Some of the cast were perfect, and (props to Gunn) they had some fun dialogue to work with. You might not think of it, but the cast includes two Oscar winners and two nominees. Singling out particular members of the cast isn't really fair, but I enjoyed the main characters, played by Margot Robbie, Idris Elba, John Cena, and Daniela Melchior.

It was a fun afternoon movie, at least for me. I'm back on Gunn's side for at least one more film.

what i watched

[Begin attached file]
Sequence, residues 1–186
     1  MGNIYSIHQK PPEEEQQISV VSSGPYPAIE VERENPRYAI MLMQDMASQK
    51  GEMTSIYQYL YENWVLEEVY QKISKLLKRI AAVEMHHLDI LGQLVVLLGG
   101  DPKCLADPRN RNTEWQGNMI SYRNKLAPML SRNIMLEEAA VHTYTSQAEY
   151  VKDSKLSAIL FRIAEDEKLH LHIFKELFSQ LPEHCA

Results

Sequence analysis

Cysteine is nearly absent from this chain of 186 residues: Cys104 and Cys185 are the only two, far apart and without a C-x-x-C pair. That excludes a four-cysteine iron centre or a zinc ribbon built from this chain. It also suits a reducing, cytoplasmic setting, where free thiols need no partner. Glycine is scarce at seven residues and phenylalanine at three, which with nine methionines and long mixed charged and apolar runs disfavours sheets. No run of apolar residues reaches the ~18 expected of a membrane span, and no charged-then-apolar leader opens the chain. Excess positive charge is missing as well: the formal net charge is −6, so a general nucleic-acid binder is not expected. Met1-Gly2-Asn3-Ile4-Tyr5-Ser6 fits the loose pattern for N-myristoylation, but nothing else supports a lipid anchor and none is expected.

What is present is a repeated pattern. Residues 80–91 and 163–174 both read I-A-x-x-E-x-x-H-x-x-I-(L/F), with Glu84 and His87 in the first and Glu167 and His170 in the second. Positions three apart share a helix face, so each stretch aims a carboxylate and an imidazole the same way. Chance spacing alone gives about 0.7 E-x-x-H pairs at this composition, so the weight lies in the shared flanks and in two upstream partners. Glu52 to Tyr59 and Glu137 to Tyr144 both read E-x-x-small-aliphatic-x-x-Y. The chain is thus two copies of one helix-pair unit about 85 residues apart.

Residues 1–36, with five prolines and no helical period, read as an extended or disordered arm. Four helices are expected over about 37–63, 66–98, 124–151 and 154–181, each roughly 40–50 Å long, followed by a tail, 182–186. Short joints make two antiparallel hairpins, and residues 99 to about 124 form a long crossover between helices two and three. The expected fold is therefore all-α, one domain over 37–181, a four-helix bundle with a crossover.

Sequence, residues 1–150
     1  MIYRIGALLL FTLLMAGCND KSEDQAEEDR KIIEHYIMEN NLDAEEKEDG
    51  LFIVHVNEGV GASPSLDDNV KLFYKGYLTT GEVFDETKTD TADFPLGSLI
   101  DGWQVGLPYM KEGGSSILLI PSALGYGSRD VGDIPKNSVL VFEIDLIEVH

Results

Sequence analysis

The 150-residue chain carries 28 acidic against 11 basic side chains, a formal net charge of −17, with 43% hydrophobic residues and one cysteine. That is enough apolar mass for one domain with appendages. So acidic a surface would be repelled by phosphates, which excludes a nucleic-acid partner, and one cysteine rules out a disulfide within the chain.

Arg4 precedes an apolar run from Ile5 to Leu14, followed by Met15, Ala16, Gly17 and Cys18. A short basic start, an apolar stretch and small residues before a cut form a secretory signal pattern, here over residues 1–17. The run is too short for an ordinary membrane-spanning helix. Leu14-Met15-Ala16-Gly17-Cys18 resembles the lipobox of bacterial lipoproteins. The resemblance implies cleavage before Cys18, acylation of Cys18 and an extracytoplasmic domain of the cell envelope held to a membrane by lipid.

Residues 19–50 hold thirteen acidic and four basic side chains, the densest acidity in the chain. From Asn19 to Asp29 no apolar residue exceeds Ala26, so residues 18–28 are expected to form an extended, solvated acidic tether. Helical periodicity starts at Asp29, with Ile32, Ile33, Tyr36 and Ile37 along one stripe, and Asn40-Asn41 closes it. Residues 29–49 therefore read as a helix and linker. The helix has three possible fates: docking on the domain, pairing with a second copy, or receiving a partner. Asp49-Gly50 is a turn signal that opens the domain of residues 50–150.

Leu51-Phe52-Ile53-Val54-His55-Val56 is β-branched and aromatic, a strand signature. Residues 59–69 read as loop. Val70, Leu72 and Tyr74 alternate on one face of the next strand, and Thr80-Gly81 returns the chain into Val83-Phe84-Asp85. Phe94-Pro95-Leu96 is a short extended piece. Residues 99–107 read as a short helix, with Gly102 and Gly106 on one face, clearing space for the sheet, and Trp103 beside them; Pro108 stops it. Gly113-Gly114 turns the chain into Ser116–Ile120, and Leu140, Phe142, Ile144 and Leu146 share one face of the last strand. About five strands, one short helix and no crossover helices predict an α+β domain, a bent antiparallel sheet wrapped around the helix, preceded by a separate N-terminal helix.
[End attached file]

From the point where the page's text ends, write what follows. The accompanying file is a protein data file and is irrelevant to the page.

Film Fatales #118: Beau Travail (Claire Denis, 1999). My third Claire Denis film, after 35 Shots of Rum and White Material, and the third I've found quite impressive. Once again, she isn't worried about clarifying events. It's a character study, where the heat of Djibouti is a character of its own. It's said she drew on Melville's Billy Budd, and I can see that ... if nothing else, it's clear which character in Beau Travail is the Billy Budd stand-in. I was reminded a bit of Full Metal Jacket, in the way the men in the French Foreign Legion do mind-numbing physical tasks to prepare them for a war. One difference between the two films (besides the part where Beau Travail is far superior) is that Denis never takes us to the actual war, the way Kubrick does in the second half of his film. The absence of any actual fighting makes the endless preparations of the Legionnaires almost abstract. Because Denis doesn't force a narrative down our throats, the eventual fate of the main characters seems a bit abrupt. But overall, the film carries a power that belies the seemingly calm surface. The buried homoerotic subtext in itself is overwhelming at times. #115 on the They Shoot Pictures, Don't They list of the top 1000 films of all time, and #93 on the recently released TSPDT poll of its users.